Difficult Argumentation on Issues that Matter

“The first principle is that you must not fool yourself – and you are the easiest person to fool” – Richard Feynman

I was perusing articles at “Real Clear Religion” this morning and ran across a book review on The Scandal of the Evangelical Mind dubbed “Stupid Christians“. I will warn you that I have not read the book, but theme of the review (and apparently the book as well) is a useful one, so I thought to take it up here.

At its base is the concern that the evangelicals (note that the book was published in 1995, so the definition of “evangelical” is a 1995 definition) appear to be somewhat intellectually lazy. Or, to quote the reviewer (who is an evangelical):

“Compared to Catholics, Evangelicals have a reputation for being simplistic, rigid, ideological, and uninformed. It is enough to make one wonder if we are, at heart, the stupid part of Christendom.”

I too hold the label of “evangelical” by any broad/reasonable definition, and have certainly faced in times past the “facepalm” moment where someone of my ilk, espousing a belief that I very much hold dear, does so with such little insight or aplomb (or historical knowledge) that we all look silly by association.

Why is that? Why is it that we who cherish our faith and beliefs find ourselves so often scurrying to defend them with little in the way of effective argumentation? I have a theory (or theories) naturally, which I will begin to build here.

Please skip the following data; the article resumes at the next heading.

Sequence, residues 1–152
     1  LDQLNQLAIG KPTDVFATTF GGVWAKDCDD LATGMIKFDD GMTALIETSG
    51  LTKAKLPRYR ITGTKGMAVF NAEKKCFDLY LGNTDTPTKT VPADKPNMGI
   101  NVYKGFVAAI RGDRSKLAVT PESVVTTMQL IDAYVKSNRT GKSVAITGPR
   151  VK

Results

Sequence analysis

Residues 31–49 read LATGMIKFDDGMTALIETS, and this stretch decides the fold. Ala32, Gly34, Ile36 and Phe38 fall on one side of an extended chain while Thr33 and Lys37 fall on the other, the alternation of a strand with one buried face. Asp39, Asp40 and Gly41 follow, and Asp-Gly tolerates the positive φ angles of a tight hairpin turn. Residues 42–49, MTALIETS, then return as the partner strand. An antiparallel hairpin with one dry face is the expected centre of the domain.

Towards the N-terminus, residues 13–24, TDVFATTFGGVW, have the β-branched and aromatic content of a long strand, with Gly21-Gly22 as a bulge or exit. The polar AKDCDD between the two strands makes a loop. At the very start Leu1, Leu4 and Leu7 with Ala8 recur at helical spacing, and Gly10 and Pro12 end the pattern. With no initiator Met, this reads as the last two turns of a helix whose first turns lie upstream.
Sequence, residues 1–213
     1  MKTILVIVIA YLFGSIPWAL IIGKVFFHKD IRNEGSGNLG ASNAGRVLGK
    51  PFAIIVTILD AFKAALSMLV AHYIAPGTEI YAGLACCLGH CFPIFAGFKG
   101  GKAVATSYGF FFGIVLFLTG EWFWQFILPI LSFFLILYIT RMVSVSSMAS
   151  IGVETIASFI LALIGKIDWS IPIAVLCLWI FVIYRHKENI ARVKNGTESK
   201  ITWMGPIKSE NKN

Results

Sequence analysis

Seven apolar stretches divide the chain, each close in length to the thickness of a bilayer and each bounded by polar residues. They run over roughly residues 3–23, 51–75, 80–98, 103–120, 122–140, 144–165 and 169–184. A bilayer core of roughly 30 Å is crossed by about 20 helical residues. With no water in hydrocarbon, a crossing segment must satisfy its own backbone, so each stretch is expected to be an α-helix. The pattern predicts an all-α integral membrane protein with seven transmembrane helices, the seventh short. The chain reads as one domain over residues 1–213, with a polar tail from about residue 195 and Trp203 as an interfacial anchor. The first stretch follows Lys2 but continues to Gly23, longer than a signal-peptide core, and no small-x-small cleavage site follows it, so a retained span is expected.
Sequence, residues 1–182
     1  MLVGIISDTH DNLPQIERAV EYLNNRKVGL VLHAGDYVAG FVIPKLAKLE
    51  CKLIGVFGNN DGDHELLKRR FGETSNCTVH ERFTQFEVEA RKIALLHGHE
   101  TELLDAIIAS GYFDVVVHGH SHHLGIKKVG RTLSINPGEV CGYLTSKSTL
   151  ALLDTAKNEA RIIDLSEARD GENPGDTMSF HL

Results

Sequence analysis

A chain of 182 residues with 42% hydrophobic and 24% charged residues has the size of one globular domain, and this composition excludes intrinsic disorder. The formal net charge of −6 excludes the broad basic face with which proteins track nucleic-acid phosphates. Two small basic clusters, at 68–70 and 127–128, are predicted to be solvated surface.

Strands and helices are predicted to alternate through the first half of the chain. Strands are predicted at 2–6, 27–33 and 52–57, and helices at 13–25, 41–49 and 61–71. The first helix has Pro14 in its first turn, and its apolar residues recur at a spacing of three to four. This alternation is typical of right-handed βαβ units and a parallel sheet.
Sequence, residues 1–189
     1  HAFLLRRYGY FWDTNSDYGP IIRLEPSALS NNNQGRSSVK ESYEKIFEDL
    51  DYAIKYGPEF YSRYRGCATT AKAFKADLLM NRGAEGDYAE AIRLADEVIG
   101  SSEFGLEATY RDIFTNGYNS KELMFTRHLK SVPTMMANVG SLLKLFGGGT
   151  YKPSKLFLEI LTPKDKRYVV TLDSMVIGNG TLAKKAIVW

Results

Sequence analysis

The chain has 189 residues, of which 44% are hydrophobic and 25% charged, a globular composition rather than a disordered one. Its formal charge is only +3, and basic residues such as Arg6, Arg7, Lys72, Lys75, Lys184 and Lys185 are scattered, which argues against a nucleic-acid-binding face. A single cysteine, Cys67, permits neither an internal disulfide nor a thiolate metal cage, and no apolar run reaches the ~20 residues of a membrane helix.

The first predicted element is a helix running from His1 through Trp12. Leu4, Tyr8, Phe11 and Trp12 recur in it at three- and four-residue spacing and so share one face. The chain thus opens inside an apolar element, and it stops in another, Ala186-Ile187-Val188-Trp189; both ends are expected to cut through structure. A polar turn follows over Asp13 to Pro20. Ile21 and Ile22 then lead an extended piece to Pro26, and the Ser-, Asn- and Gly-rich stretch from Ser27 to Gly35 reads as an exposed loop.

“As iron sharpens iron, so one man sharpens another” – Prov 27:17

Iron sharpens iron. Hard, and rough around the edges – iron is made sharp by scraping against other iron. A man’s ideas, his logic, his defense of beliefs are made sharp by running into opposition, not agreement. I don’t mean by this that one should necessarily go looking for contentious debate (consider Titus 3:9). But if your ideas are important, then they’re important enough to sharpen the mind in defense – which will invariably mean defending them against arguments by those who do not agree.

Of course, in the process of iron sharpening iron, we may find we don’t actually believe the things we believe, or not in the way we thought we believed them. This needn’t at all imply a loss of faith. I’m reminded of Galileo and the controversy over heliocentrism. The modern church wouldn’t at all find offense at the idea that the earth moves around the sun – but at the time Galileo stood trial for these controversial (“dangerous”?) ideas. I dare say that today we not find any conflict between planetary motion and Psalm 93:1, Psalm 96:10, or 1 Chron 30:16 (“The world is firmly established; it cannot be moved”). Sometimes, the process of difficult challenges helps us break free from our own misunderstandings.

It’s not fun though. We don’t wake up in the morning and say “oh boy, I want to have my beliefs challenged today because it will make me stronger.” Prov 17:3 says “The crucible for silver and the furnace for gold, but the Lord tests the heart.” Crucibles and furnaces are not pleasant experiences for the refined silver or gold, but after refinement there is beauty.

I’ve said in times past that red-state Republicans and blue-state Democrats face the same difficulty. Surrounded by people of like-mind they let their thinking get lazy … nobody challenges them, or challenges them in ways that cannot be dismissed by “you are well outside the norm [here],” and so they atrophy. The same can easily be true for evangelicals or any group, but I suspect we actually face a more difficult problem. For that we turn to Thomas the Doubter in John 20:24-30: